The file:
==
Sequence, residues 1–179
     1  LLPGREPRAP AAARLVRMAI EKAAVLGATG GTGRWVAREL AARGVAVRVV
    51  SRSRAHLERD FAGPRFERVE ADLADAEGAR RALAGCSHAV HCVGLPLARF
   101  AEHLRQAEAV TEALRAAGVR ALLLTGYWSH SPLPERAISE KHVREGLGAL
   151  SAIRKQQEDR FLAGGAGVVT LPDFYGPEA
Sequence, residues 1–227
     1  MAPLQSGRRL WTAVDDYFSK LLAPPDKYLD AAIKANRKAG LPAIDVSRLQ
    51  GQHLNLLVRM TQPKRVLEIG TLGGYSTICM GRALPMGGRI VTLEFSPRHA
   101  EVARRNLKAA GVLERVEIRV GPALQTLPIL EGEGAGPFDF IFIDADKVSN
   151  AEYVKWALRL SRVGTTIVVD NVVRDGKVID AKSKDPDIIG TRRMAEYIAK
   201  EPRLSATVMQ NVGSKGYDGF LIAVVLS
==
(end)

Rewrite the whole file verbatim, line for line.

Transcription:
Sequence, residues 1–179
     1  LLPGREPRAP AAARLVRMAI EKAAVLGATG GTGRWVAREL AARGVAVRVV
    51  SRSRAHLERD FAGPRFERVE ADLADAEGAR RALAGCSHAV HCVGLPLARF
   101  AEHLRQAEAV TEALRAAGVR ALLLTGYWSH SPLPERAISE KHVREGLGAL
   151  SAIRKQQEDR FLAGGAGVVT LPDFYGPEA
Sequence, residues 1–227
     1  MAPLQSGRRL WTAVDDYFSK LLAPPDKYLD AAIKANRKAG LPAIDVSRLQ
    51  GQHLNLLVRM TQPKRVLEIG TLGGYSTICM GRALPMGGRI VTLEFSPRHA
   101  EVARRNLKAA GVLERVEIRV GPALQTLPIL EGEGAGPFDF IFIDADKVSN
   151  AEYVKWALRL SRVGTTIVVD NVVRDGKVID AKSKDPDIIG TRRMAEYIAK
   201  EPRLSATVMQ NVGSKGYDGF LIAVVLS